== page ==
In working with students, I often have them attempt to write out a solo as they would try to play it on a standard. Many times I would ask them to take a tune like Giant Steps (see example 1) and write a balladic solo or take a ballad and write an uptempo solo. This puts the student in a formal context that forces them to consider the content of what they are attempting to do. I have also written previously on the Lee Konitz Ten Steps to an Act of Pure Inspiration method. Briefly, this requires that the student take a song at about 60 on the metronome and develop a solo by first adding only simple embellishment and then further variations for ten choruses until it becomes, hopefully, an act of pure inspiration. It will also do for the student what thinking in compositional terms does for the soloist.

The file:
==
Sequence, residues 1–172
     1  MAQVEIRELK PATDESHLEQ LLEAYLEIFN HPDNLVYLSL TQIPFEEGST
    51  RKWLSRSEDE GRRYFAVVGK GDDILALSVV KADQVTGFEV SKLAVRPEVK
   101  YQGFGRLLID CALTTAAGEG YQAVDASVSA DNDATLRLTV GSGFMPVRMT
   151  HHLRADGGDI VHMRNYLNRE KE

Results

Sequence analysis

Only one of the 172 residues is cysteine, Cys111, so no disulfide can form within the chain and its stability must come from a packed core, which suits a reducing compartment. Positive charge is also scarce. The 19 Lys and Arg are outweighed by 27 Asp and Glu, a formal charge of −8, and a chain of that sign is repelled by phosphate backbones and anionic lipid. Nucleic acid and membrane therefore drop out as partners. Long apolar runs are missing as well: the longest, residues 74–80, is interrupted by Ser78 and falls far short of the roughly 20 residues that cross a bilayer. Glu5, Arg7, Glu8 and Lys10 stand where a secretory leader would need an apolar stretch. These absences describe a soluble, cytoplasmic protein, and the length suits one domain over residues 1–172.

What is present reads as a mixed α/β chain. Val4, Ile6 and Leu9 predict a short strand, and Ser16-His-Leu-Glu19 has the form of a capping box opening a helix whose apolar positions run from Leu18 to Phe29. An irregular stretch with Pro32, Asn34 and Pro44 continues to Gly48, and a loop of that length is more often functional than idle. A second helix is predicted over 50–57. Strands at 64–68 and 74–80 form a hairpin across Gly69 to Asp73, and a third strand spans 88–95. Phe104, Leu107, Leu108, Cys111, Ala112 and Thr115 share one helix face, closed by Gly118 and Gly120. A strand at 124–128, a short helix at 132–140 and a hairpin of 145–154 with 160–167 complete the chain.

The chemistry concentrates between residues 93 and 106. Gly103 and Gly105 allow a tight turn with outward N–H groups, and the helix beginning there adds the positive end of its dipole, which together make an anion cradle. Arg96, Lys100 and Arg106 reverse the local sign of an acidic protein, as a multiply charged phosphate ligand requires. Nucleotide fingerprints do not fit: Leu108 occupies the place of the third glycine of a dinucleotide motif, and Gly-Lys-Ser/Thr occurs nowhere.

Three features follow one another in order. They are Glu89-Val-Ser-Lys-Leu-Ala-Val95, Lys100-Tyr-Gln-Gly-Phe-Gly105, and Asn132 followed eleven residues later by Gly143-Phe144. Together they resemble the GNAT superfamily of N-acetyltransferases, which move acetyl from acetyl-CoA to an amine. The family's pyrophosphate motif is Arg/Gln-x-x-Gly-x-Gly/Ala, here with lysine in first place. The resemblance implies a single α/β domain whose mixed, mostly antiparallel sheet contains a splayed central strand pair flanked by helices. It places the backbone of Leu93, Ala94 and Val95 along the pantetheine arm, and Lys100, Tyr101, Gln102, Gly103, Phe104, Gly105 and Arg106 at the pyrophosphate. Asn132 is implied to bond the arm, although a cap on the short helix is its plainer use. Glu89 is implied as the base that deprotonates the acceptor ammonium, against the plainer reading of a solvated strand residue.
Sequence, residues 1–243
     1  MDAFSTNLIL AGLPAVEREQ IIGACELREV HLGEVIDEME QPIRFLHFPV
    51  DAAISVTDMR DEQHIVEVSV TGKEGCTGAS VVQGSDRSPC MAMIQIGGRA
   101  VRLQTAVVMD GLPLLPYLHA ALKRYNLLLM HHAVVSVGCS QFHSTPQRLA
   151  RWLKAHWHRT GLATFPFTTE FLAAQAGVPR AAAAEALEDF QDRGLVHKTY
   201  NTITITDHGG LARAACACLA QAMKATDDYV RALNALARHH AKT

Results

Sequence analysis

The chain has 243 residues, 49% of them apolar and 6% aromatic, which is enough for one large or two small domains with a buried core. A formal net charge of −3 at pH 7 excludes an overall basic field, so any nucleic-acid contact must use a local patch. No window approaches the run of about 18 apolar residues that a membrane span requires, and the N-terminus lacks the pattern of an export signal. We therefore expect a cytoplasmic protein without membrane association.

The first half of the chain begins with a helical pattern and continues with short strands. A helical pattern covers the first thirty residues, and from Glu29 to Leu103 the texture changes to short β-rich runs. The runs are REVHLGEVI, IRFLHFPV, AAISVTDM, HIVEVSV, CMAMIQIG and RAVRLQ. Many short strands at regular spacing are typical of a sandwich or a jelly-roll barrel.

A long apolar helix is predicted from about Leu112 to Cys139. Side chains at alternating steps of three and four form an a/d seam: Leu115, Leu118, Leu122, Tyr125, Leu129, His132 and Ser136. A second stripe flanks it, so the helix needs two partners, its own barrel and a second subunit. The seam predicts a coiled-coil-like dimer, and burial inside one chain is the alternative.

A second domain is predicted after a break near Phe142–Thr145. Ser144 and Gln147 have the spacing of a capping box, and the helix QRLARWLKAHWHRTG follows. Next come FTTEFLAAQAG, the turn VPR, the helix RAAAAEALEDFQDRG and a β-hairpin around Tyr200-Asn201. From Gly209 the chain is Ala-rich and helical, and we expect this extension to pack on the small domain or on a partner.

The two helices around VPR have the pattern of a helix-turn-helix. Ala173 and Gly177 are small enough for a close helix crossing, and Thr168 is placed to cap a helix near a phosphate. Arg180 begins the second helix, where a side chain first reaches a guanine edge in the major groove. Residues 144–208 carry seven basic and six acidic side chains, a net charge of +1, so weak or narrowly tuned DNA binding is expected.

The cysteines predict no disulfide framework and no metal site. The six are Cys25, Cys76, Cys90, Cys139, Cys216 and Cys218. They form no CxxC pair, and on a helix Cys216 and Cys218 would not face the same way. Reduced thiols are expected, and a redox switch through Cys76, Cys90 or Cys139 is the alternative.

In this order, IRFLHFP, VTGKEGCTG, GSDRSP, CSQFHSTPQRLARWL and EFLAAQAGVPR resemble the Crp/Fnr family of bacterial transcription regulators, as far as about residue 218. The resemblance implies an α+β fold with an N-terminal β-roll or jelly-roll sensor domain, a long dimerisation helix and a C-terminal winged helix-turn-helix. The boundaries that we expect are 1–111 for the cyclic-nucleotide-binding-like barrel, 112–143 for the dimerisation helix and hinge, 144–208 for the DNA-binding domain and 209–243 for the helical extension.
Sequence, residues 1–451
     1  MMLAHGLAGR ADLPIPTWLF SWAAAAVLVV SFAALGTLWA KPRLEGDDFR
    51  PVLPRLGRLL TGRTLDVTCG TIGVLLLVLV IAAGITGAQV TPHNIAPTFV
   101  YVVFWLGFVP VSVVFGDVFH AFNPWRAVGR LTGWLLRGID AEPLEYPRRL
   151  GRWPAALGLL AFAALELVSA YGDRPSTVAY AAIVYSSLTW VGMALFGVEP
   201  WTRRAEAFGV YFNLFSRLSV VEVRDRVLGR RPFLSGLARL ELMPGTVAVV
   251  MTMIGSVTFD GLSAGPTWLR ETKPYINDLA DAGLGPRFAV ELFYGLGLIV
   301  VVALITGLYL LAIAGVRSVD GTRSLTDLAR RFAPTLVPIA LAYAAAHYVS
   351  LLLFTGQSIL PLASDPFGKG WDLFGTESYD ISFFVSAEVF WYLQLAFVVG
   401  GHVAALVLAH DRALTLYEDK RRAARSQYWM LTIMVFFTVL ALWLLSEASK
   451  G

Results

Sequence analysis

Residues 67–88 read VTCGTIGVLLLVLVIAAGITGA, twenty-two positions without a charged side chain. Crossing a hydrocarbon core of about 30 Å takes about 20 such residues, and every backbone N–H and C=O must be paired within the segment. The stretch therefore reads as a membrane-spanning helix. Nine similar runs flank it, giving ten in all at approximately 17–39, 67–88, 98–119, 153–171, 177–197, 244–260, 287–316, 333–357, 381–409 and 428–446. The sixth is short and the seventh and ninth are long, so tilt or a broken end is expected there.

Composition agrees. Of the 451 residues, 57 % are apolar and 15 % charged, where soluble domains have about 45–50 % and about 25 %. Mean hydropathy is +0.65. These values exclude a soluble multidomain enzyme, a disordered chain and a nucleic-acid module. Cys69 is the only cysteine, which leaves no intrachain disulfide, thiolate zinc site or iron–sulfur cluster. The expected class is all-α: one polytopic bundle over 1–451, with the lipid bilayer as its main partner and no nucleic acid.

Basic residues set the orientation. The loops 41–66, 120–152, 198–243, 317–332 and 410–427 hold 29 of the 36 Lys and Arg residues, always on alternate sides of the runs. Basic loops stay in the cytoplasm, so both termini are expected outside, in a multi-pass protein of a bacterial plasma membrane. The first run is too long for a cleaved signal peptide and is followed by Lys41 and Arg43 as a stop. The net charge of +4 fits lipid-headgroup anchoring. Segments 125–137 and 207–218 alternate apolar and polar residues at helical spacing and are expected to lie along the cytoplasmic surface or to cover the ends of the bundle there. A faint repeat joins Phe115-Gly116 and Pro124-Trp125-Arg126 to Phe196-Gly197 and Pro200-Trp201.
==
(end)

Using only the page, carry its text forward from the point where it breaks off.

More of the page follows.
Soloing at the highest level is spontaneous composition. Sonny Rollins is another master of the theme and variations approach. He has been known to tease the melodic development of a solo until it bursts forth with a unique creative force. Soloing at that level is a virtuosic exercise in restraint. Having the technique to play whatever comes to mind is not an end in itself but a means towards ultimate musical expression. Joe Henderson has absorbed this same ability to blend interesting new structures with tried and true forms. The result is fresh as an ocean breeze.